Sunday on the Rhine With Georg and Friends

IT was the last Sunday in September, the more or less official end of the season, a brilliant Indian summer kind of day, but with a touch of coolness in the breeze, and the sunshine filtered through just a bit of blue haze.

The pleasure in being out along the Rhine on such a day seemed to be only intensified by the knowledge that the afternoon would be an hour shorter than the one before, this being the first day off summer time.

Everyone in Germany seemed to have taken the television weatherman's advice to heart and gone off on an outing.

The specifics of the scene were thoroughly German: the river itself, the steamers making their way up and down it, the sausage stands, the beer gardens, the half-timbered little houses in the village center, some of them displaying the "Zimmer Frei" sign that is the equivalent of the English "bed and breakfast" sign.

But the kind of scene it was seemed to cry out for one of the French Impressionists to travel forward in time to paint it: It was a latter-day version of the kind of spontaneous celebration of weekend leisure by the urbanized middle classes that a Renoir or a Monet, or maybe a Seurat, might have painted.

Sunday on the Rhine with Georg and friends, so to speak: The dazzling light on the river, the flags snapping in the breeze, the citizens promenading along the embankment, heading for a pleasure cruise, Kuchen und Kaffee, or maybe just the streetcar homeward. The Impressionists would have caught the serious, hard-working barges making their way on the river, too.

It was the English, though, from whom Germans learned to appreciate the romantic Rhine as a landscape: This is the message of an exhibition at the Rheinisches Landesmuseum in Bonn called "Seized by the Magic of the Rhine." It presents oil paintings and water colors by a number of British artists, from J. M. W. Turner to lesser-known painters such as James Webb and George Clarkson Stanfield.

These painters were among a wave of eager tourists who, after things calmed down after the Napoleonic wars, traveled to the Continent - Mary Shelley of "Frankstein" fame among them. They set off with their guidebooks and their watercolor sets and their complete inability, in most cases, to communicate with the natives once they got to Germany, as a guide at the museum notes with irony. How much their paintings reflected the landscape that was before them, and how much they reflected what was inside the a rtists can be guessed at in some cases by comparisons with contemporary photographs.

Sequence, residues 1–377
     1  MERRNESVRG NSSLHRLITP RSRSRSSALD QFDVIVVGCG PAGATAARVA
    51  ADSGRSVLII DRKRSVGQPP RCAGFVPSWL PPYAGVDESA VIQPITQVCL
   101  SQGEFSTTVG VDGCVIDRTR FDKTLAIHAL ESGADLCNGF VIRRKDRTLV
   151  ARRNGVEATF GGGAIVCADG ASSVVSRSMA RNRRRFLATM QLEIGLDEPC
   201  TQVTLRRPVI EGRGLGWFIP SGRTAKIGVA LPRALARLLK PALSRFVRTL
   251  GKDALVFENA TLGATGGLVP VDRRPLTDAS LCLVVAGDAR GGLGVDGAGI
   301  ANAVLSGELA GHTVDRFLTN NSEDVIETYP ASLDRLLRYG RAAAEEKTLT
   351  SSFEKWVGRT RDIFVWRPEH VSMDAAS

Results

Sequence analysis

What might not be guessed from the picturesque sailing vessels that figure in these paintings is that what really made travel through the Rhine Valley practical for people on a large scale was the introduction of regular steamship service in 1827.

This is one of the paradoxes that comes through in the exhibition: It was a modern technology, applied commercially, that gave the masses access to the medieval ruins of the romantic Rhine.

And so it is today. One of the best-known features of the Rhine landscape near Bonn is the Drachenfels, a huge outcropping of rock high above the river. Celebrated by Lord Byron and countless English artists, it is now made accessible to the masses by way of a cog railway. In the paintings, the Drachenfels appears as a stark and lonely spike of stone. Today tourists climb over it like ants on an anthill. The view from the top is spectacular; surely no less so than in Byron's time.

But the tension between providing access, especially mass access, to a place of beauty and preserving that beauty continues. So does the tension between the aesthetic and commercial values of a place.

Up in the Lake District in England, one hears, the rail line goes no farther than Windermere because the poet William Wordsworth and his friends protested against its extension.

The crowds out along the Rhine on a day like this make you believe all you hear about how densely populated Germany is. But with so many people having such a good time, it would be hard to begrudge them the pleasures of their landscape - even if they had to wait for the British to teach them how to appreciate it.

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